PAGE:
Despite a groundswell of evidence for transformative education, manifestos for ‘transformative pedagogy for global citizenship’ remain under-theorized and pay limited attention to implications for practice. This paper connects theory and practice through analyzing a curriculum development project that sought to produce a framework for ‘engaged global citizens’. It considers the political and philosophical framings of the self and other, citizen and world, that underlie this empirical work, especially with reference to re exivity, hermeneutics, democratic engagement and co-production. The resultant pedagogical framework, based upon concepts of transformative learning, attempted to undercut the homogenizing tendencies within global citizenship education (GCE). This discussion highlights the tensions and reifying e ects of educational frameworks such as the Teaching Excellence Framework in the UK and the proposed framework for ‘global competence’ in the 2018 Programme for International Student Assessment. Evidence is presented that frameworks which attempt to make explicit educational phenomena and processes are overdetermined by e cacy and metrics that become perverse ends in themselves. While the anticipated project output here was the framework itself, the substantive output was, in fact, practical: namely the ongoing deliberation and re ection upon the discourses that both do and undo the task of locating the transformative dimension of GCE.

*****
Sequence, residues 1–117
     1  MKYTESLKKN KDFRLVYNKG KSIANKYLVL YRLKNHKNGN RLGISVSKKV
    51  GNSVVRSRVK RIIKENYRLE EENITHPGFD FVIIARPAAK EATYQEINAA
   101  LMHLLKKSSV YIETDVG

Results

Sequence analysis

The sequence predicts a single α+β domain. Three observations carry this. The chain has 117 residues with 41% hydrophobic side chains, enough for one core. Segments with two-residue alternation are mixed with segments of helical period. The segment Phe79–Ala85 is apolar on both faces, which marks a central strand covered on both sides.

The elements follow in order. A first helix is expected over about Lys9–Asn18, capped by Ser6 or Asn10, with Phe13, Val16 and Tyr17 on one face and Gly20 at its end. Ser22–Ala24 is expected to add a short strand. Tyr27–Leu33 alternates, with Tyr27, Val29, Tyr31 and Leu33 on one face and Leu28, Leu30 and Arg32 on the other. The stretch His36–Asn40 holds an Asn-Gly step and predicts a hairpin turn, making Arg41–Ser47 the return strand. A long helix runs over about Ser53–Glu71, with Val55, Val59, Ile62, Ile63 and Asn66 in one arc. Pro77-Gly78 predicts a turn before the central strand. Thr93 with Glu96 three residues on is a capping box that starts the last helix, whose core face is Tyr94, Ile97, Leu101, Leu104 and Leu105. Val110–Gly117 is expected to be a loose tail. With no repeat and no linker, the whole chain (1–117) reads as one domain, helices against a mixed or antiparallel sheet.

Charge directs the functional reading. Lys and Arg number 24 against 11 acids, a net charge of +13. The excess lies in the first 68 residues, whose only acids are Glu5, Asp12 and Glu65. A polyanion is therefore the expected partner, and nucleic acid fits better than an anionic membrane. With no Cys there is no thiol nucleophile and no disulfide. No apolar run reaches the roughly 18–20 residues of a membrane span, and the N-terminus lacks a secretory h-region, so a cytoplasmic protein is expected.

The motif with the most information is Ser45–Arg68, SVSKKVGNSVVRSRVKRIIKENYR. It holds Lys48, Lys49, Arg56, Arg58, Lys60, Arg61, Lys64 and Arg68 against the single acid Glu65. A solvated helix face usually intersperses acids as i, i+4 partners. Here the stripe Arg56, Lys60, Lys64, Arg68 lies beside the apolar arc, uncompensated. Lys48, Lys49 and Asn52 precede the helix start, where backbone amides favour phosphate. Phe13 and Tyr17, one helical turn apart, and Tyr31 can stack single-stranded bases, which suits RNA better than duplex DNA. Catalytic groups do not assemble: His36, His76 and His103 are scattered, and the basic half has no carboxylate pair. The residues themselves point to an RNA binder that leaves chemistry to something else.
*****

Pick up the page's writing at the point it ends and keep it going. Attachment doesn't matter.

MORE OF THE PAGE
- transformative education
- global citizenship education
- international education
- sustainable development
- research excellence framework
- teaching excellence framework